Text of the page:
The National Cyber Security Centre (NCSC) has published a report that details how the defences of the UK’s sporting sector is being tested by hackers and criminals.
The NCSC (part of GCHQ) even revealed how the emails of an unnamed Premier League club’s managing director were hacked before a transfer negotiation. As a result, the £1m fee almost fell into the hands of cyber criminals.
The money was only stopped from landing in the criminal’s accounts thanks to the late intervention of a bank.
The NCSC report warned that cyber operations against sporting bodies was resulting in blocked turnstiles, hacked transfer deals and fraudulent equipment sales.
“NCSC’s first analysis of threats to the sports industry finds at least 70 percent of institutions suffer a cyber incident in just 12 months,” it warned, before urging sports organisations to implement cyber security measures to prevent cyber criminals cashing in on lucrative industry.
Another sporting incident found by the NCSC saw a member of staff at a racecourse lost £15,000 in a scam involving the spoofing of eBay.
“Sport is a pillar of many of our lives and we’re eagerly anticipating the return to full stadiums and a busy sporting calendar,” said Paul Chichester, director of operations at the NCSC.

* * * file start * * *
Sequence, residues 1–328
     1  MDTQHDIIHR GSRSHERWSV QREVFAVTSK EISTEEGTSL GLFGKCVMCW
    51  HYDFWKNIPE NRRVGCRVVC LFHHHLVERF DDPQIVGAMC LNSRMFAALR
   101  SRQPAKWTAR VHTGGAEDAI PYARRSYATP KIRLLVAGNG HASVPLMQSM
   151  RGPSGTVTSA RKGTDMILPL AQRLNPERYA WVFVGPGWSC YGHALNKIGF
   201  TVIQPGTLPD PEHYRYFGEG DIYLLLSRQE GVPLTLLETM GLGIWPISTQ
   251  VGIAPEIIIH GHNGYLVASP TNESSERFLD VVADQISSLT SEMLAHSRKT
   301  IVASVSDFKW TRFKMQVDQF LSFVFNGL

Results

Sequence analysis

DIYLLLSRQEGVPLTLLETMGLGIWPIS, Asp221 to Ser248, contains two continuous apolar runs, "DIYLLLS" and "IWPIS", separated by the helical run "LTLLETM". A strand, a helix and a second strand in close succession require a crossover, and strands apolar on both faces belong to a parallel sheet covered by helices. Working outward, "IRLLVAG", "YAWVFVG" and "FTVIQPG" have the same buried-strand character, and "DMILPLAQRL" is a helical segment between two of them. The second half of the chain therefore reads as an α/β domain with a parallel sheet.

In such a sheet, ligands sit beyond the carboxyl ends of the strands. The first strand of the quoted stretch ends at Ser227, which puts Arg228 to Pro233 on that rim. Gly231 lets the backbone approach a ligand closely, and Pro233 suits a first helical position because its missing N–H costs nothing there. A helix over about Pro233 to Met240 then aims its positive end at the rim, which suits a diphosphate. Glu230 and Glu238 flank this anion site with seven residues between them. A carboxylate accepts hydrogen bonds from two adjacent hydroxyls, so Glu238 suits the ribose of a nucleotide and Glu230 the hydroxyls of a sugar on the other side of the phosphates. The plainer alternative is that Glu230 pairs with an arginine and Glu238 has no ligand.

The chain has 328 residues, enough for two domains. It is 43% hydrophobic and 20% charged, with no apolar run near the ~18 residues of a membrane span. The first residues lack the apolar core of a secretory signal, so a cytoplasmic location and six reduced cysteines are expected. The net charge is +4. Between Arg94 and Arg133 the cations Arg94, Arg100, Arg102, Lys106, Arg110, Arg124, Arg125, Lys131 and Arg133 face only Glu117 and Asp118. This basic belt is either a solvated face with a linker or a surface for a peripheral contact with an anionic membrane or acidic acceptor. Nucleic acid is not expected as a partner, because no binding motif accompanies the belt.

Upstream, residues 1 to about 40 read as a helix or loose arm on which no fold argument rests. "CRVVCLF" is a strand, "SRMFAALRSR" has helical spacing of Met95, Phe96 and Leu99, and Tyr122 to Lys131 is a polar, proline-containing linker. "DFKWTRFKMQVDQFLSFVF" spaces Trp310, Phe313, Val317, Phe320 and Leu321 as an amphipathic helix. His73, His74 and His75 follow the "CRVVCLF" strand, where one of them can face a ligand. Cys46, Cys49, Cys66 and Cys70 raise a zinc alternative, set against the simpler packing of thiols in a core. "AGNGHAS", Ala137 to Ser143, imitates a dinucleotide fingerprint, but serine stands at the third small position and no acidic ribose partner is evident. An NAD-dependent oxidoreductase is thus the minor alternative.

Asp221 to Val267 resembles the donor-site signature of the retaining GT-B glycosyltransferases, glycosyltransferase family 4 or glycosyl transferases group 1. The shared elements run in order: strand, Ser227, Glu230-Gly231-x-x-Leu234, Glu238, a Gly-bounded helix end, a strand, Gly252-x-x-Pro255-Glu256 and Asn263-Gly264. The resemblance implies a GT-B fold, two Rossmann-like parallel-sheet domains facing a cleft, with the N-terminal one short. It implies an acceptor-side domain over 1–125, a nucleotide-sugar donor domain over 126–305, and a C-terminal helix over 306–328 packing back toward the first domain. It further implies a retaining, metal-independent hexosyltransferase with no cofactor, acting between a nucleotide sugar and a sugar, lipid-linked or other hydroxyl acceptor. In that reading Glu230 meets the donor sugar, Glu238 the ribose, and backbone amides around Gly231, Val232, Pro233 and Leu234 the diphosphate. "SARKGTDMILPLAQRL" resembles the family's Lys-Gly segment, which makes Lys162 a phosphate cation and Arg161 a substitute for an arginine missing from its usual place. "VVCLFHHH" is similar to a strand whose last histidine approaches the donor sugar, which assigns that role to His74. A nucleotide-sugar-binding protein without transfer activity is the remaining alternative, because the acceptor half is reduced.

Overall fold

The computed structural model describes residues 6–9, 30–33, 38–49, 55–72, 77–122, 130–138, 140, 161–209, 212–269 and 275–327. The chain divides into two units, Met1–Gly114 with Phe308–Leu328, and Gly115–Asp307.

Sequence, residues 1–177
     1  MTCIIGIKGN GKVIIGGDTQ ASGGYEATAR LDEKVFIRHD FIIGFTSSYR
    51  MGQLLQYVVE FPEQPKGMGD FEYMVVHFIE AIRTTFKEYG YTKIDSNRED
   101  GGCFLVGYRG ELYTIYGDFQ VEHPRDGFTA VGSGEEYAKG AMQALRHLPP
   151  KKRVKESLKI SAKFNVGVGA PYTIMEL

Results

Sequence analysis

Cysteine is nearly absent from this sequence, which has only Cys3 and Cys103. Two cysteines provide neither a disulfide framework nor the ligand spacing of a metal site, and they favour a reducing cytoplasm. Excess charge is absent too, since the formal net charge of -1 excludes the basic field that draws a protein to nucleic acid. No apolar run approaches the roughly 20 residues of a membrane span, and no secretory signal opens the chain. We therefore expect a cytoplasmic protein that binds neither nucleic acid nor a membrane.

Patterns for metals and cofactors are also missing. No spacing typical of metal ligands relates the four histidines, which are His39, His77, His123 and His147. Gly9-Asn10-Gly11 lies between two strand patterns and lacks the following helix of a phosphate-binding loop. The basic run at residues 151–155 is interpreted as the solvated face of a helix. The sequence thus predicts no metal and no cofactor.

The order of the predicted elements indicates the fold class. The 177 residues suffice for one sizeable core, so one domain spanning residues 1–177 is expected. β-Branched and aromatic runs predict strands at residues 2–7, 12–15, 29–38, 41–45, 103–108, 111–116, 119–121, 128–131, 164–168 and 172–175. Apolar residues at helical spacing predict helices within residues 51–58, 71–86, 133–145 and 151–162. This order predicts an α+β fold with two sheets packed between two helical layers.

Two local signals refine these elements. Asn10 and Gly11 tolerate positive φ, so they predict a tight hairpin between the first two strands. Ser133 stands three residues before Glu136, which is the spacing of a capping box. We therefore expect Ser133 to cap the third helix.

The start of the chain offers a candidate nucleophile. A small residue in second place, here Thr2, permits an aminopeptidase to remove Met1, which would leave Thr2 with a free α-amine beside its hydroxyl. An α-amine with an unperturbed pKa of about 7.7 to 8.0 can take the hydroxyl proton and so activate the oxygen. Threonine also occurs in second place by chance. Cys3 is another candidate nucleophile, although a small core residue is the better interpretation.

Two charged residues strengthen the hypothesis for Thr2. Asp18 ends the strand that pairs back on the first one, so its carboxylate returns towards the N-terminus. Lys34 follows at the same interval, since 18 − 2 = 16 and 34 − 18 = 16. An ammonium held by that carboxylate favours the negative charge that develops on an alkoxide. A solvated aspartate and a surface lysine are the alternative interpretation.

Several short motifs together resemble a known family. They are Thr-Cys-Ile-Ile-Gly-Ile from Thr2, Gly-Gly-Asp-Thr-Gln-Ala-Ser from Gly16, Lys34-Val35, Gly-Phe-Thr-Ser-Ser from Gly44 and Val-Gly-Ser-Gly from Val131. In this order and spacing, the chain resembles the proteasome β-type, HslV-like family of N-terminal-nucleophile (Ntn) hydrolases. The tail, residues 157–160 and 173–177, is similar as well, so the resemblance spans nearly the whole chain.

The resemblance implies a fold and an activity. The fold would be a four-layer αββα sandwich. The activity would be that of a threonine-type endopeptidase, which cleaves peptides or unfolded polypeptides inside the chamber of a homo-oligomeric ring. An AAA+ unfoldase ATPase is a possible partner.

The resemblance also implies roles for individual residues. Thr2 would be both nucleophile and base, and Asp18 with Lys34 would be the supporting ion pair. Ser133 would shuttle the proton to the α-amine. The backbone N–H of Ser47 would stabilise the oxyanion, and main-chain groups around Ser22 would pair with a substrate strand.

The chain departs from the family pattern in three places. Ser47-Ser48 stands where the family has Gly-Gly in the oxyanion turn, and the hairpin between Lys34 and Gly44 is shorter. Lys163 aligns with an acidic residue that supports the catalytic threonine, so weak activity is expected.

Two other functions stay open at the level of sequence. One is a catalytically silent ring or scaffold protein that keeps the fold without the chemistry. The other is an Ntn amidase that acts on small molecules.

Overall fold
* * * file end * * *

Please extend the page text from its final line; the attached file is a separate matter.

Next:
“While cyber security might not be an obvious consideration for the sports sector as it thinks about its return, our findings show the impact of cyber criminals cashing in on this industry is very real,” said Chichester.
“I would urge sporting bodies to use this time to look at where they can improve their cyber security – doing so now will help protect them and millions of fans from the consequences of cyber crime,” Chichester added.
Security experts were quick to respond to the NCSC report, and warned that sporting bodies must ensure their bolstering their cyber defences going forward.
“No organisation or sector is safe from cyber threats, and that includes the beautiful game,” said Carl Wearn, head of e-crime at Mimecast.
“Transfer deals are obviously a high-pressure time for many football clubs, with lots of fan pressure to get the deal over the line,” he added. “This pressure can potentially be really detrimental to cyber-hygiene and lead to own goals. In this instance, the attack appears to be an impersonation attack and this variation is definitely on the rise.”
“Football clubs spend millions every summer investing in their team’s defence, but it is time they started investing in their cyber-defence,” said Wearn. “Not investing in their organisation’s cyber awareness will leave cyber-criminals with an absolute tap in, that even a Sunday-league striker couldn’t miss.”
Another expert warned financial executives to be especially careful and ensure they have the appropriate protocols in place.
“This is most likely an attempt at CFO fraud, where exec-level accounts responsible for funds are compromised to wire huge sums of money overseas,” said Chris Boyd, lead malware intelligence analyst at Malwarebytes.
“As the transfer was only prevented due to the bank’s actions, the affected club may not have security measures in place to combat or even detect such a threat in the first place,” said Boyd.